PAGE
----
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Going online gives prosecutors an advantage in abuse cases

New technology at the Largo Police Department may make it more difficult for spouse abusers to go free.

A recently installed computer link with the state attorney's office allows police officers to send reports and evidence, including photographs, to prosecutors overnight via the Internet.

This means that before an abuse suspect faces a judge, usually sometime before noon the morning after an assault, an officer's account of what occurred, including pictures of injuries, is available.

"It's pretty exciting technology," said Linda Osmundson, executive director of CASA, a spouse abuse shelter in St. Petersburg.

"Some of these guys are charming," she said. "They go to court and tell a judge they didn't hurt their wives. Now a judge can see that's not true."

Sgts. Brian McKeon and Brenda Wayt head the program for the Largo Police Department.

In addition to linking with the state attorney's office, McKeon said, a north county spouse abuse shelter can also access the World Wide Web site. Shelter staff members use the information for counseling, McKeon said.

In addition to pictures of injuries and crime scenes and police accounts of incidents, the information transmitted via Internet includes an audio recording of the original 911 call, McKeon said.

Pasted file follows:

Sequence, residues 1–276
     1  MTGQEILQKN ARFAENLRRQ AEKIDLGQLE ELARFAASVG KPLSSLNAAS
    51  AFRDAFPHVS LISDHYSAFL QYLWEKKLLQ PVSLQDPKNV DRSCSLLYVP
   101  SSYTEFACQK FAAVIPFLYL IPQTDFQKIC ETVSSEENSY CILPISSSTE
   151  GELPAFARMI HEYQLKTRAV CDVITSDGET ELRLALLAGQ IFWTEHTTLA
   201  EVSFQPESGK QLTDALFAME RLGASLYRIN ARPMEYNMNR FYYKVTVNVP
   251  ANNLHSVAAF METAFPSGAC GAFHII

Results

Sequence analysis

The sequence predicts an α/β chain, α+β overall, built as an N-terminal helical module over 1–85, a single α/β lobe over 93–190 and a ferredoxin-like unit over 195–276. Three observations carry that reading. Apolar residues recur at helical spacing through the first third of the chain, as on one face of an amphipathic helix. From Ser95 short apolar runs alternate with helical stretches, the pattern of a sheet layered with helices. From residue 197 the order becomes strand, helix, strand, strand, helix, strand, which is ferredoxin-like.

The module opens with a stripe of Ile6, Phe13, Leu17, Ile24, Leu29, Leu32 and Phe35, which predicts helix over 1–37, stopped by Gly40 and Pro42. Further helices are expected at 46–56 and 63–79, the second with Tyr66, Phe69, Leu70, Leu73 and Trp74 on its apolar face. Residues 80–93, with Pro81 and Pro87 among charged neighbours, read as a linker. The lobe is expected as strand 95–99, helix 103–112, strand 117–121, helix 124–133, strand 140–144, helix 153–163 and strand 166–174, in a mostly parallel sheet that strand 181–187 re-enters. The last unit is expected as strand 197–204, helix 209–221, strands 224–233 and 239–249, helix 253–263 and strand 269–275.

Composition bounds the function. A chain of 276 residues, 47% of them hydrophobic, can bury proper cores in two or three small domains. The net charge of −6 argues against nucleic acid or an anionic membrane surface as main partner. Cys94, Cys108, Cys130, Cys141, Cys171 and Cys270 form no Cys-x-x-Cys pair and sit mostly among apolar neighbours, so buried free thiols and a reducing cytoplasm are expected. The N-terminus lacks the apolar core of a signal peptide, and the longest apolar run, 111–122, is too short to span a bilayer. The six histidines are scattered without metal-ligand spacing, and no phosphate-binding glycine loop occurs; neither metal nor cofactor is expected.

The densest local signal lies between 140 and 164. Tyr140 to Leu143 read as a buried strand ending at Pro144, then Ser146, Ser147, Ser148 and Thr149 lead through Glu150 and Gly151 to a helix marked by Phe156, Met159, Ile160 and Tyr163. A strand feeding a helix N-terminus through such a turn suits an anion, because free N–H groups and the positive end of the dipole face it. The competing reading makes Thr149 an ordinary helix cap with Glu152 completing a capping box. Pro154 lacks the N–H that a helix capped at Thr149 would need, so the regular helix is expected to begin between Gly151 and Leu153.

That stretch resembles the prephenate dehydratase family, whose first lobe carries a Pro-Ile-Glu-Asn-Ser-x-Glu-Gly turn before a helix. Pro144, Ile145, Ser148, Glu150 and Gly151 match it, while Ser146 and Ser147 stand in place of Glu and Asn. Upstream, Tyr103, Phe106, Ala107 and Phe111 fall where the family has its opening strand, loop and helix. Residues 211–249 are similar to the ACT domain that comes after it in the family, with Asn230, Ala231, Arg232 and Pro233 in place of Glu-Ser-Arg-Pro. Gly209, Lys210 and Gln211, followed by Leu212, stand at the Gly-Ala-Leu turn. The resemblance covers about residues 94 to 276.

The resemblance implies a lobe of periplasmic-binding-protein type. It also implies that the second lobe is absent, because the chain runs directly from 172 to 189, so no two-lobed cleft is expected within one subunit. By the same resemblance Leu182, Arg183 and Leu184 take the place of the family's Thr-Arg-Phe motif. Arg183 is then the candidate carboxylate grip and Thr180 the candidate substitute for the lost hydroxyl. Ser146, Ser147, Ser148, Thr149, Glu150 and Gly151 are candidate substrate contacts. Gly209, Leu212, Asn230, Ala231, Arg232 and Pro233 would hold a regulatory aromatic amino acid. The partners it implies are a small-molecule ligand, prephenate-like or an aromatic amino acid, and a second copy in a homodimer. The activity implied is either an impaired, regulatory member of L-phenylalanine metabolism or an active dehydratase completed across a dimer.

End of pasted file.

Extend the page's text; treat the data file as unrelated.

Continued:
Kim Adams, the city's finance director, worked with the Police Department to set up the computer link.

"It was a lot of work and took a lot of coordination with the state attorney's office," Adams said. "But it gives the police and the prosecutors very vivid evidence."

Adams said that eventually, judges should be able to access the information "right at the bench."

The project has so far cost $45,820, Wayt said. Grants have paid for 54 percent of the cost with the city paying the rest. The money has been used to develop the Internet site and to buy cameras, audio cassettes and a personal computer for the spouse abuse center.

McKeon said spouse abuse is a serious problem in Largo, with about 1,000 reported calls each year. Since the program went online, about 30 cases have been put on the Web site, McKeon said. The site is protected by secret account names and passwords so that only those authorized, such as the state attorney's office, can log on.